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Wednesday, 30 January 2013

High School Swingers - The NDP Party vote and the 2011 Election in Ontario

Having downloaded the numbers and put them together in our Excel file, we can begin poking around the underbelly of Ontario politics to see which voters have been moving around the most between elections.

As you know, there were elections in Ontario for provincial parliament in 2007 and 2011. The first saw Dalton McGuinty's Liberals returned with a majority, while the second saw them reduced to a minority government, or a "major minority", as Premier McGuinty put it at the time, as they were one seat away from being able to withstand a confidence vote.

One of the factors that led to a minority government in Queen's Park, was the fact that the third-party New Democrats under new leader Andrea Horwath increased their seat take: they nearly doubled their seats, going from winning 10 in the 2007 election in Ontario, to 17 after the polls of 2011.

Queen's Park

What's the secret behind their relative success? We're going to be prodding around at the numbers to see what we can make of them, using advanced statistical techniques, and some not so advanced. For now we're going to use the caveman's club, the simple correlation between the increase in two sets of numbers, or CORREL in Excel.

Then we're going to do it massively, abusing numbers and figures and all of science. We should take this opportunity to note that we're aware that looking at riding-level census data to find patterns among individual voters is not the ideal way of going about things. And that due to the limitations of the 2001 census, this data is only for southern Ontario (ROO as we've called it on this site a few times, i.e. not the 11 ridings of northern Ontario).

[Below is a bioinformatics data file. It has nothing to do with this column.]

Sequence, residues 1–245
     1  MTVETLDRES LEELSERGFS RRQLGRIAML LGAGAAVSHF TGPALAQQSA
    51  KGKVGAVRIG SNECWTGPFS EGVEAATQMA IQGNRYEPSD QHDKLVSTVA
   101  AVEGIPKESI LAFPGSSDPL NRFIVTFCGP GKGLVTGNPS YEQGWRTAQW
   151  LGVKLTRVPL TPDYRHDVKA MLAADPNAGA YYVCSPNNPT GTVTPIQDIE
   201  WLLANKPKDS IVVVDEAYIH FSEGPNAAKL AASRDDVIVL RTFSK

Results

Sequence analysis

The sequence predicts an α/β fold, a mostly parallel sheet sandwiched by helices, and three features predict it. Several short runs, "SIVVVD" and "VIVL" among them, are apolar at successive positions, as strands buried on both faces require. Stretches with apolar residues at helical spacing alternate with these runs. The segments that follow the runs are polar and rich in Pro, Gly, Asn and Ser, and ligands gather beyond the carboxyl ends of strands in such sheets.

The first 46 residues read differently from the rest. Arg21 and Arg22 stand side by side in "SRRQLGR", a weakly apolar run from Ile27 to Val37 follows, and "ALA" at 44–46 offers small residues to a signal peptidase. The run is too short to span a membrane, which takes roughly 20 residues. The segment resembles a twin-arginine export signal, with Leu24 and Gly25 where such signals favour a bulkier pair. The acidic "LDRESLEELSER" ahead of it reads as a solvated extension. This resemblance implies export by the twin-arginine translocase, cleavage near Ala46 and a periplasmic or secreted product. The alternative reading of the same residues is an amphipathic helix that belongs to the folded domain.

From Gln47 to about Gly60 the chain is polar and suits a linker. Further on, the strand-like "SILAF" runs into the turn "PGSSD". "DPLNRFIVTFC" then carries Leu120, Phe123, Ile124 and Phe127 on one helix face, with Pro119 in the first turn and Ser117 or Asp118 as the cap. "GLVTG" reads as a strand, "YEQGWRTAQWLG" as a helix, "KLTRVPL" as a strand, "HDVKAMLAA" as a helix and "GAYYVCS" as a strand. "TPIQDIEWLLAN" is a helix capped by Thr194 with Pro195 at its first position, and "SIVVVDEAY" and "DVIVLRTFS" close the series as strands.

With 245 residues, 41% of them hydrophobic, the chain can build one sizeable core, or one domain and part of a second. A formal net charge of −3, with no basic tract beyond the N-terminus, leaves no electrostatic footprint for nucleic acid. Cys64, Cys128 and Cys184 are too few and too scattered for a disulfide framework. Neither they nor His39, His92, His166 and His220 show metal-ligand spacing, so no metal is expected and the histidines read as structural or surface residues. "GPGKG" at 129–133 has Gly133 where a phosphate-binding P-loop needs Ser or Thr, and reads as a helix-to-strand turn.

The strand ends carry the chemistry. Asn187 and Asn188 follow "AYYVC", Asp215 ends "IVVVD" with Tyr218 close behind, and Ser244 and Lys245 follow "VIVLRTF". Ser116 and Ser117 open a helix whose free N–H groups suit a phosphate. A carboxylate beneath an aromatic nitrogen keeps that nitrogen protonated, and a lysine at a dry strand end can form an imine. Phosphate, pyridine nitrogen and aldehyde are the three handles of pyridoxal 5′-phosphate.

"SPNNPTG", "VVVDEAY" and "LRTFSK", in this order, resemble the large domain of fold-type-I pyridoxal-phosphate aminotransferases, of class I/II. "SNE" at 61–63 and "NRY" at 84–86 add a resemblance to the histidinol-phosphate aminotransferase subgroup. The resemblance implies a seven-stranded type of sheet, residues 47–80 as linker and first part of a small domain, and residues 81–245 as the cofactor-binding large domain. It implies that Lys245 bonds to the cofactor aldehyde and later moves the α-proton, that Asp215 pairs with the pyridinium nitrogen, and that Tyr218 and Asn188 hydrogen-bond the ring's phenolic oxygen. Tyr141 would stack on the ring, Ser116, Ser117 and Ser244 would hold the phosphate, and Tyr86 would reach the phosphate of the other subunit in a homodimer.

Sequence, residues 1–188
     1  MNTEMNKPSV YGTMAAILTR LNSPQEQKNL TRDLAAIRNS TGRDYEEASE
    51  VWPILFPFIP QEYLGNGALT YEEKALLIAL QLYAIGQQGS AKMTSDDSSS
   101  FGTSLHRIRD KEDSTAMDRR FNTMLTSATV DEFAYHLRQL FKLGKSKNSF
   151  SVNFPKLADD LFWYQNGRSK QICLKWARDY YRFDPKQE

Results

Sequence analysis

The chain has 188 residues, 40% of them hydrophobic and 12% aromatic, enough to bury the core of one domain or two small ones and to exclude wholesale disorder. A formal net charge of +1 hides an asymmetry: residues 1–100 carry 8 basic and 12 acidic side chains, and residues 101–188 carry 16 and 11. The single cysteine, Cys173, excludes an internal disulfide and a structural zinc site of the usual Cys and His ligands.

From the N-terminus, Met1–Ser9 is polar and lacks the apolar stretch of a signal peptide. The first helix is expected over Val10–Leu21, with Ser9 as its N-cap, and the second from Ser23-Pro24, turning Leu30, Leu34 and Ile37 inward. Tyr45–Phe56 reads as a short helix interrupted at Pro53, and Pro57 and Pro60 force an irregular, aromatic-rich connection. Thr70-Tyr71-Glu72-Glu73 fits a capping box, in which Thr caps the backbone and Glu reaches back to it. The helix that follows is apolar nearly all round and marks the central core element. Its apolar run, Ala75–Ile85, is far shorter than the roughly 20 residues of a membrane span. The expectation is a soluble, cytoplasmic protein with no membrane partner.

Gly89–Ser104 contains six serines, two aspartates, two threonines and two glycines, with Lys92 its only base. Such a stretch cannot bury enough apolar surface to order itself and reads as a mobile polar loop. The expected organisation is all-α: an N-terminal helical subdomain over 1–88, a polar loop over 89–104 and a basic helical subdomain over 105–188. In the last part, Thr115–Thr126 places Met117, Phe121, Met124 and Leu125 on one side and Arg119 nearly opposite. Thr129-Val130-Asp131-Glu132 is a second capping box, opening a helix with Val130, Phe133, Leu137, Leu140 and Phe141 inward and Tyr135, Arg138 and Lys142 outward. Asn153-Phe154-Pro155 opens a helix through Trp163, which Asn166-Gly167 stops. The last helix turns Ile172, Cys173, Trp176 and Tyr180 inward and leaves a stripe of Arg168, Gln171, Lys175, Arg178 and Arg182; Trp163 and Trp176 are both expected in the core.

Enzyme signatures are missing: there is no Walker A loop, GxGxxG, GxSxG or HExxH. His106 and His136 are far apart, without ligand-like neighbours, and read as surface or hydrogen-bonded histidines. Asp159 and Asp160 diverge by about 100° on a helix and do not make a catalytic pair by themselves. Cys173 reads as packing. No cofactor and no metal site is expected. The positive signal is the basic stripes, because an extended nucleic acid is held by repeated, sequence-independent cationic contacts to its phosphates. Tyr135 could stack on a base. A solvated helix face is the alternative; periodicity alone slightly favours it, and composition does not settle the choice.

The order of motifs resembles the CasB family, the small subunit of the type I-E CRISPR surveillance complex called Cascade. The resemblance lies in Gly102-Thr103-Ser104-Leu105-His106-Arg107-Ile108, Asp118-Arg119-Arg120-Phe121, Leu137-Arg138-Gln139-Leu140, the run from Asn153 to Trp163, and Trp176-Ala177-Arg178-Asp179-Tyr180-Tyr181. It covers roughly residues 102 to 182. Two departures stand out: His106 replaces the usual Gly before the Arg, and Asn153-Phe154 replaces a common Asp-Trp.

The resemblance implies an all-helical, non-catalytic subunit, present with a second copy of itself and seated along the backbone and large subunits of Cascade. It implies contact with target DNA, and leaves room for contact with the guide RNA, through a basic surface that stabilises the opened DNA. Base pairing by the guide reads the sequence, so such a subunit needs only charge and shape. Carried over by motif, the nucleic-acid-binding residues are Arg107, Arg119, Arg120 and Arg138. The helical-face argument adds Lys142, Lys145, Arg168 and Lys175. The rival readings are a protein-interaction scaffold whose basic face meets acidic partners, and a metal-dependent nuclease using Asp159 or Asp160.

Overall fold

The High Numbers

But for now, let's look at the top 10 increases in correlations for the NDP.  Here is the raw data.
Name of DemographicIncrease in correlation ( r )
Education 15 and over: High school certificate or equivalent (67)0.21
Education 35 to 64: High school certificate or equivalent (79)0.21
Total pop, Location of study: No postsecondary certificate, diploma or degree0.21
Total Pop: No postsecondary certificate, diploma or degree0.21
Employed, 15 and over, transport: Car, truck, van, as passenger0.20
Education 15 to 24: No certificate, diploma or degree0.19
Labour 15 and over, ind cat.: Manufacturing0.18
Education 25 to 34: Apprenticeship or trades certificate or diploma0.18
Labour 15 and over: H Trades, transport and equipment operators and related occupations0.18
Labour 15 and over: J Occupations unique to processing, manufacturing and utilities0.18
Education 25 to 34: High school certificate or equivalent (75)0.16
Education 15 and over: No certificate, diploma or degree0.16
Education 35 to 64: No certificate, diploma or degree0.15
Males 17 years0.15
Education 15 and over: College, CEGEP or other non-university certificate or diploma (68)0.15
16 years0.15
Canadian citizens under age 180.15
Males 16 years0.15